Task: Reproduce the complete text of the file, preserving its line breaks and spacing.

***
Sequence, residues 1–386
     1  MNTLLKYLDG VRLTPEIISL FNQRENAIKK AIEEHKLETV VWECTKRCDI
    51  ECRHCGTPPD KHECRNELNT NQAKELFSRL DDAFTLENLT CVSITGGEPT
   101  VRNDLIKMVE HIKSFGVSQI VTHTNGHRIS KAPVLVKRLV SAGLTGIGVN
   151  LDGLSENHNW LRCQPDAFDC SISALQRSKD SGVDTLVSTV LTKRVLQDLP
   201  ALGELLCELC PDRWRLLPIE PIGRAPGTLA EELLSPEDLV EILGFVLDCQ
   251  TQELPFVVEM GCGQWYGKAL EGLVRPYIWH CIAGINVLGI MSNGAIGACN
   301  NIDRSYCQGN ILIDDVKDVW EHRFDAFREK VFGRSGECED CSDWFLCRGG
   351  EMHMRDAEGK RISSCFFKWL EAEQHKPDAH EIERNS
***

Sequence, residues 1–386
     1  MNTLLKYLDG VRLTPEIISL FNQRENAIKK AIEEHKLETV VWECTKRCDI
    51  ECRHCGTPPD KHECRNELNT NQAKELFSRL DDAFTLENLT CVSITGGEPT
   101  VRNDLIKMVE HIKSFGVSQI VTHTNGHRIS KAPVLVKRLV SAGLTGIGVN
   151  LDGLSENHNW LRCQPDAFDC SISALQRSKD SGVDTLVSTV LTKRVLQDLP
   201  ALGELLCELC PDRWRLLPIE PIGRAPGTLA EELLSPEDLV EILGFVLDCQ
   251  TQELPFVVEM GCGQWYGKAL EGLVRPYIWH CIAGINVLGI MSNGAIGACN
   301  NIDRSYCQGN ILIDDVKDVW EHRFDAFREK VFGRSGECED CSDWFLCRGG
   351  EMHMRDAEGK RISSCFFKWL EAEQHKPDAH EIERNS